Why your business isn’t as profitable as you think it should be

We often see businesses who are experiencing growth, but the cash flow is still tight, and the business owner can’t understand why – according to the profit and loss account (P&L) the business is profitable, so why is cash flow not mirroring the success of the business?

In this type of scenario, the business owner will usually be very focused on the P&L, and possibly also the budget. It’s quite common for this type of business to have a bookkeeper or finance manager in place who has been with the business since the beginning, and has grown with them. But it’s now reached the point where this person just doesn’t have the expertise required to spot issues and problems in the finance department and the business.

Grown beyond their capabilities

At this stage, the finance function is in danger of becoming out of control, and as a result, the Balance Sheet may become a place for issues to hide. This can happen accidentally, but it can also be deliberate, either through fraudulent intention, or more likely, as a result of a bookkeeper/finance manager who is out of their depth reacting to pressure from their MD questioning why the numbers aren’t right. An inexperienced finance manager may enter things into the Balance Sheet so that the P&L ‘looks ok’ to keep the MD happy, and without careful management this can lead to issues further down the line.

What’s the difference between the P&L and the Balance Sheet?

At this point it might be worth explaining the key difference between a P&L and a Balance Sheet.

The Profit and Loss account is a report showing the performance of your business for a specific period. It summarises your income, less all of your costs leaving your profit for that period. It’s usually monitored regularly by the business. The Balance Sheet is a statement of your company’s assets and liabilities at a given date and this net amount gives an indication of the overall financial health of the business (for example a negative net figure would indicate the company was loss making at some point). Issues and discrepancies can become hidden in here, and because this report isn’t about the day-to-day running of the business it often gets overlooked until it’s too late.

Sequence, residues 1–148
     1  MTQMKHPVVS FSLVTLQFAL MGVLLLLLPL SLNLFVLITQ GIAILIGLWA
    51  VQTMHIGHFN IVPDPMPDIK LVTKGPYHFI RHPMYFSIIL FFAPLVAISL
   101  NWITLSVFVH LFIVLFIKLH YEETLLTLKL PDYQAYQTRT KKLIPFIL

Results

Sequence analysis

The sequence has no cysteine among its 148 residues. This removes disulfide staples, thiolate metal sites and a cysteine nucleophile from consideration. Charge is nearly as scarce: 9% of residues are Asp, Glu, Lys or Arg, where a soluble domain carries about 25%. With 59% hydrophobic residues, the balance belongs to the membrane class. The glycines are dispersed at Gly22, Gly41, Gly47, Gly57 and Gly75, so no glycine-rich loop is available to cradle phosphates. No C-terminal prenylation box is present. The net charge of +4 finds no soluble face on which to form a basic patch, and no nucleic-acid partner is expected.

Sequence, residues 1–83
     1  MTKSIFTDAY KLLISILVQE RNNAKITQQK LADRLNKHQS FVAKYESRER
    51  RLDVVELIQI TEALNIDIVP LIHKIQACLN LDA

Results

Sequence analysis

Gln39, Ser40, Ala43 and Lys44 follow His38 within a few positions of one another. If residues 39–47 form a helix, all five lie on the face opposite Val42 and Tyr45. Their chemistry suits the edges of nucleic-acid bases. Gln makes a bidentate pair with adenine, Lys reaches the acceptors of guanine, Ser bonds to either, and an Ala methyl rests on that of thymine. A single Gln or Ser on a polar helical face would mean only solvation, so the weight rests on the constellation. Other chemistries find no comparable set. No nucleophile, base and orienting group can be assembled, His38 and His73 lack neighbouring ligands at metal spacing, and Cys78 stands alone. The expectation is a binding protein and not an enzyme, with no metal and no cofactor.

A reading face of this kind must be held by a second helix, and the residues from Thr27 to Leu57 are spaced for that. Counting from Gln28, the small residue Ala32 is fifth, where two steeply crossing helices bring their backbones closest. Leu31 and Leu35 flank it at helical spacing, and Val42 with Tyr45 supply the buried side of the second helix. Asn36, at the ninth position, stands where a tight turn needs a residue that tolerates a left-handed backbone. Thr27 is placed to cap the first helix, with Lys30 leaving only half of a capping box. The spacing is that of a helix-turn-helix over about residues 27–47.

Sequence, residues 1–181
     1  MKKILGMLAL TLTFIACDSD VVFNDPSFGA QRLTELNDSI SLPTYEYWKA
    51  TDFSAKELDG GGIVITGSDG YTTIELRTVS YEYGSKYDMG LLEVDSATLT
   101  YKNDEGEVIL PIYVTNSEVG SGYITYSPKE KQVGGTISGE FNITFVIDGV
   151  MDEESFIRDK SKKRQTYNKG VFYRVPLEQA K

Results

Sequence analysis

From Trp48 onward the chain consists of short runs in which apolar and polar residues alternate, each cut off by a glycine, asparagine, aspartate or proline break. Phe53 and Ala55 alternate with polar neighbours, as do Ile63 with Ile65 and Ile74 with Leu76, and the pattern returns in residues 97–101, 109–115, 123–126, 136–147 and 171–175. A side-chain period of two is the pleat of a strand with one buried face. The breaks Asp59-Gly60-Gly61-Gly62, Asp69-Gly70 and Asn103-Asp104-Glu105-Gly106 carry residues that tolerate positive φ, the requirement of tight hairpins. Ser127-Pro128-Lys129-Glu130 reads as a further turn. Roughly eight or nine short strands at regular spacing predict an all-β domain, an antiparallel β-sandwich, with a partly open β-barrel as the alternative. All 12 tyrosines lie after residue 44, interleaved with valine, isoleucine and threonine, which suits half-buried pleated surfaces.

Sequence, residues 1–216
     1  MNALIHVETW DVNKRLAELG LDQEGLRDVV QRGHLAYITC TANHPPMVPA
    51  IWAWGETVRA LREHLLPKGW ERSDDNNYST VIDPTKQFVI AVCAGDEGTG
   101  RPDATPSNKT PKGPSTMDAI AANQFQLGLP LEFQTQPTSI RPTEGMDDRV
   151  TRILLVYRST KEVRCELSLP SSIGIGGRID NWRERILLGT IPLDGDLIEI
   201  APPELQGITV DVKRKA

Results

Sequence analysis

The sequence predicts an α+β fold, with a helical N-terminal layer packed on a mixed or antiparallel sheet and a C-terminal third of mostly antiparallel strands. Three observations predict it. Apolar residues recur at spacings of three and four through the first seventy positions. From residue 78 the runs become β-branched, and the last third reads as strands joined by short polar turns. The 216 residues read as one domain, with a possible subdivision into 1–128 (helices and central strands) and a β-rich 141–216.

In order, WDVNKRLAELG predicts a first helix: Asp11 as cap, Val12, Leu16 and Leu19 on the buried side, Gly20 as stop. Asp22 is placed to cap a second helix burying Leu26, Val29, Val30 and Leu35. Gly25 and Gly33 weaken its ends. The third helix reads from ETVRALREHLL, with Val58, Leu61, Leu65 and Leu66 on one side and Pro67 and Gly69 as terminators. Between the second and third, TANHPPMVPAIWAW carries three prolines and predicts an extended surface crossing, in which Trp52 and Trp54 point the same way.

How to spot the issues

So what can a busy business owner do about this, without becoming an accounting expert yourself? As the MD or CEO of the business, your focus is naturally on growing and developing the business.Finance and accounting are unlikely to be in your core skill set and that makes it hard to spot errors or even know what to question.

“I don’t know what I don’t know.”

We’ve put together an easy-to-follow guide outlining six questions for business owners to ask their finance manager which will help them to quickly find out where any issues might be hiding. Our guide will tell you which six standard accounting reports to request, and the telltale signs to look for in each of them. We also outline suggestions for next steps to take should you uncover any potential issues – although our best advice would be to take professional advice from a qualified accountant and get a Finance Director onboard asap.

Download our free guide here to quickly find out why your business isn’t as profitable as it should be – and how to resolve it.